It’s Day 4 of my latest 5×15 Writing Challenge; my writers have almost earned themselves a nice donation to global literacy nonprofit Room to Read. Through Day 3 we’ve got a completion rate of 100%—the highest I’ve ever had for one of these challenges. I’m thrilled to help so many people discover the joys of daily writing.
His post reminded me of all the things I loved about blogging daily. And all the things I’ve missed since I stopped a little over two months ago. I still write every day: today’s Day 640. But, well…Here’s the comment I left on Josh’s blog:
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After I used some of his material in my Writing Unbound curriculum, several of my writers followed my, um, lead in subscribing to Bernoff’s blog. One of them asked for my opinion on his lede vs. story piece.
So, should you start with a story or a lede? Yes.
And thanks to Josh Bernoff for bringing it up.
Lede or Story?
“The best way to hook an audience is to start with a descriptive story. The best way to get people to read what you write is with a descriptive title and a few summary sentences…”
My writers glommed onto the concept of the lede the minute I introduced it. They immediately wanted to know all there is to know. (I love my writers; they’re a lot like me in that respect.) Story they understand. But the idea of starting with a story—well, that’s often hard to wrap your head around when you come from an academic or business background.
I had defined lede as the first sentence of a piece of writing. Of course, that’s both incomplete and inaccurate; Bernoff offers a much more accurate description. Ledes mostly occur in journalism—when you need a start that’s crisp, engaging, and fact-filled. Blogs require ledes too, especially if you worship the Gods of SEO. And if you care about getting noticed in the free-for-all that is the internet, you need to consider SEO when you’re writing.
But the rules of SEO (mostly) help you create and sustain interest in your message. Your reading audience can disappear in an instant by turning the page or, more likely these days, swiping on to the next story. You need to grab their attention as quickly as you can—with a memorable lede—and reward them by giving them whatever else it is they’re looking for. If that’s analysis, then analyze. If it’s facts, then make with the facts. You can tell a story too, but it will have to be a short one in a short piece or it might overwhelm the rest of your content.
If you have the luxury of writing a longer piece—a feature story in a magazine, perhaps, or a speech—then by all means, open with a story. But you still have to grab the audience’s attention from the outset. And that requires—well, if not a lede then a sentence as catchy as one.
I haven’t written about this earlier, under the principle that when your opponent is shooting himself in the foot, you don’t take away the gun. But Senator Mitch McConnell’s decision earlier this week to use declarative sentences in his denunciation of his colleague Senator Elizabeth Warren is just too delicious to pass by.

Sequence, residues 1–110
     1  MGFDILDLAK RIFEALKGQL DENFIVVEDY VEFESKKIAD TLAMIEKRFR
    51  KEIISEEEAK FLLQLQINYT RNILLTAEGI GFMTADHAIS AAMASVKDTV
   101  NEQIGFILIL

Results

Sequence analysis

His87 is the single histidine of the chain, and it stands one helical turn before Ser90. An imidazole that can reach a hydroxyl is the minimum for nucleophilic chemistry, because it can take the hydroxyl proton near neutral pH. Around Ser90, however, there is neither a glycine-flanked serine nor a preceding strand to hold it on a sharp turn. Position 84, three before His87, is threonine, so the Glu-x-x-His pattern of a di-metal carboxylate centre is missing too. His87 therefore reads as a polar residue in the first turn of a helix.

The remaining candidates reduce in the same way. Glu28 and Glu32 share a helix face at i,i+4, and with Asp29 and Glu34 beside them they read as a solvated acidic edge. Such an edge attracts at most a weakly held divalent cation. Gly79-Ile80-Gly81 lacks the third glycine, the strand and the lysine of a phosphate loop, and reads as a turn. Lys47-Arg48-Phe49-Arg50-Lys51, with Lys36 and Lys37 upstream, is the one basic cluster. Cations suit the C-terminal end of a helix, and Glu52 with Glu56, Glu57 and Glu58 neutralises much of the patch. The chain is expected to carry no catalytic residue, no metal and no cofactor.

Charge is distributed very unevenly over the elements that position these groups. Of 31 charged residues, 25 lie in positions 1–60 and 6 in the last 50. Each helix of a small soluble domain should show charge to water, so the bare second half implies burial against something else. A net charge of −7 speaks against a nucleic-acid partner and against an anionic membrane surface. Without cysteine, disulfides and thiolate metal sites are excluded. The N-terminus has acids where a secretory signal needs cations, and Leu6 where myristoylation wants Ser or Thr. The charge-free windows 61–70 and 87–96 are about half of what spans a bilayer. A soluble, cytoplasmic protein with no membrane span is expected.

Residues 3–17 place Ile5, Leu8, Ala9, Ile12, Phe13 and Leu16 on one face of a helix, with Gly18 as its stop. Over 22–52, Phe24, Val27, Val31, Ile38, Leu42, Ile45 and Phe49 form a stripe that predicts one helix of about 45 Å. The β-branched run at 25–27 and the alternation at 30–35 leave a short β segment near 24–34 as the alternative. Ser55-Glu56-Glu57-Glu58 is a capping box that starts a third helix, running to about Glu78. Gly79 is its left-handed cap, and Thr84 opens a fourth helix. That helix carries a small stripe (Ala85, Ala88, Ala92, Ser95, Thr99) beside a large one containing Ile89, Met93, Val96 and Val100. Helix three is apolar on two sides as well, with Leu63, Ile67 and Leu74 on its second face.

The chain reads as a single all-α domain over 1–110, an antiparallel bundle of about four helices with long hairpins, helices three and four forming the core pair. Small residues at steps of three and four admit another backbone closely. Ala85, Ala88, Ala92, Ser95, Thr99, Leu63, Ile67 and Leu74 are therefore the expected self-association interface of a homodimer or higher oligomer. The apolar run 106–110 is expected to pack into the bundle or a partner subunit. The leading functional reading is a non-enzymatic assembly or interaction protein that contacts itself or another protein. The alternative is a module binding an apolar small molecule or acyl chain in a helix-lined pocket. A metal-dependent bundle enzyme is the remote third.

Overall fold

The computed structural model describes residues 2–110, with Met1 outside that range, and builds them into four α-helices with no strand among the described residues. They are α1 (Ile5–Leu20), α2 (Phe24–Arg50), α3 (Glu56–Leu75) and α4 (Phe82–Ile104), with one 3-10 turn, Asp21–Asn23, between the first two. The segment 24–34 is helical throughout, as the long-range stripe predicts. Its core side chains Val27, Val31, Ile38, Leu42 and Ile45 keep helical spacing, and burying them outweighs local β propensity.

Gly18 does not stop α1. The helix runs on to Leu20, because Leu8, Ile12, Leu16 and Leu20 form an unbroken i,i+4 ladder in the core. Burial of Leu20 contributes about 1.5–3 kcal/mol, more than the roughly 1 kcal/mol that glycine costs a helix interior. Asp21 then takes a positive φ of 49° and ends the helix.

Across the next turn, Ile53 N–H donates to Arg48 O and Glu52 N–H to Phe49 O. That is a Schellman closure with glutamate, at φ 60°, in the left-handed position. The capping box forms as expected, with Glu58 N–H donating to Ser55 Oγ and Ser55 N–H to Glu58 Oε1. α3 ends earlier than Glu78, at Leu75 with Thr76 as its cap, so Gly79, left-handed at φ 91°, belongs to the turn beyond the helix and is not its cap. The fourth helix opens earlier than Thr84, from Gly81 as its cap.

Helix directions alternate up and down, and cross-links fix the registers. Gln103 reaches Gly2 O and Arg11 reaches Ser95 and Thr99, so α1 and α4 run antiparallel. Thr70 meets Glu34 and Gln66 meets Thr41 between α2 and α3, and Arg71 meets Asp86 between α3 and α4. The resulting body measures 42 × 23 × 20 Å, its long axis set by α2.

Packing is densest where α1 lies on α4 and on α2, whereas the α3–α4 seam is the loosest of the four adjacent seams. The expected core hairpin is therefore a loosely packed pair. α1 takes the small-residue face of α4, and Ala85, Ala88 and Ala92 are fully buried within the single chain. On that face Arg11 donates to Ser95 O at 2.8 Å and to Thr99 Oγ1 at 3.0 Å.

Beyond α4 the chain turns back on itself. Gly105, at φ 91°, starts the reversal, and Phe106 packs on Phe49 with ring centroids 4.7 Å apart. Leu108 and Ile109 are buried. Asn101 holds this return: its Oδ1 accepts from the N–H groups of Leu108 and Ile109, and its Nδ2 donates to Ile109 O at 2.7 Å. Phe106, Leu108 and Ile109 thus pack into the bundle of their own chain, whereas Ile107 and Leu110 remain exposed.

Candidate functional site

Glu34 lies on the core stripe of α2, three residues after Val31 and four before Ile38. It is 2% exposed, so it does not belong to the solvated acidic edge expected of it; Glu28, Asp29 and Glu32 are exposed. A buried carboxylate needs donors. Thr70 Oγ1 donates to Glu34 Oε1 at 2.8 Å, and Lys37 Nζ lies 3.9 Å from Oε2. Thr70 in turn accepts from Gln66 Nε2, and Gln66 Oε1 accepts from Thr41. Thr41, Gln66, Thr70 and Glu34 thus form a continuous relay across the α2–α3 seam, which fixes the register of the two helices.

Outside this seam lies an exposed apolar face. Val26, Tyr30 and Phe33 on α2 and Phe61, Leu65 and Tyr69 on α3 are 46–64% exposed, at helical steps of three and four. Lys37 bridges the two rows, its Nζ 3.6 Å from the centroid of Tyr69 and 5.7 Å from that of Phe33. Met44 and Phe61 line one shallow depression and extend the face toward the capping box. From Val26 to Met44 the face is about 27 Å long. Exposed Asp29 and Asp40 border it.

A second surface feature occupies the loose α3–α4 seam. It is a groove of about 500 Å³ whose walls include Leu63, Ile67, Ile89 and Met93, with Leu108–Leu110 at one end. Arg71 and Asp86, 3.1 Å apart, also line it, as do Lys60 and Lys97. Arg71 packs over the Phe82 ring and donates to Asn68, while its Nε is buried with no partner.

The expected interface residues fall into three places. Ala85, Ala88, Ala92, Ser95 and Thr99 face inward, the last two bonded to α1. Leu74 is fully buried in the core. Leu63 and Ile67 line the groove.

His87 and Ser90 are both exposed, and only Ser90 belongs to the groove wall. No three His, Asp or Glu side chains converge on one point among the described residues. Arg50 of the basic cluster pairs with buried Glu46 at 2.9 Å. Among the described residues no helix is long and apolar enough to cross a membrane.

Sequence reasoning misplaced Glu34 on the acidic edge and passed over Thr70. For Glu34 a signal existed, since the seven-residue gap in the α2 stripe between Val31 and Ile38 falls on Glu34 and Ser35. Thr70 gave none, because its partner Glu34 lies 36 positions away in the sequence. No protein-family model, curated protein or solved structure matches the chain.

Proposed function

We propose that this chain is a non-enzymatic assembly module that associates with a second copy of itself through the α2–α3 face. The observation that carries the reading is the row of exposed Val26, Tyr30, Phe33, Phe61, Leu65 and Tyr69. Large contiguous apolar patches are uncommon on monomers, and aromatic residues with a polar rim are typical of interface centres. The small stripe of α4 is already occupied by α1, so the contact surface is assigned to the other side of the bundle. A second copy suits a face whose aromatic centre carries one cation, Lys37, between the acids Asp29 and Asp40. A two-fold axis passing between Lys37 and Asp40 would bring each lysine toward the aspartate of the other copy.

“A declarative sentence (also known as a statement) makes a statement and ends with a period. It’s named appropriately because it declares or states something.”
I’m sure my current readers all know exactly what Senator McConnell “declared” or “stated” about Senator Warren. But blog posts have a long life. So for those of you reading this years from now, long after the generation of women who’ve had the last sentence tattooed on various parts of their anatomy have died out, I’ll recap.
Speaking on the Senate floor during a debate about the nomination of a Notorious Racist (and current Senator) to be our Attorney General, Senator Warren began to read a letter written three decades ago by civil rights icon Coretta Scott King. King was not impressed with the character of the notorious racist—perhaps because of his notorious racism—and she said as much. Back then, he had been nominated to be a federal judge; that nomination failed. But potato/po-tah-to: what’s disqualifyingly racist for a judge in the 1980s is apparently just the right attitude for the Attorney General in the current Republican administration.
So Senator Warren was reading this historical document into the record when she was shut down for breaking an obscure Senate rule about speaking ill of a colleague. Fun fact: the rule was apparently created back in the early 20th century to protect a senator who—incidentally—favored lynching black people when they tried to vote. I don’t know about you, but I could do with a whole lot less irony in politics today.
If you’re saying something idiotic, don’t use declarative sentences
Anyway, to the declarative sentences in question. McConnell, the Senate Majority Leader, was called upon to explain why his colleagues brought this dusty old lyncher-protecting rule out of the closet. He replied: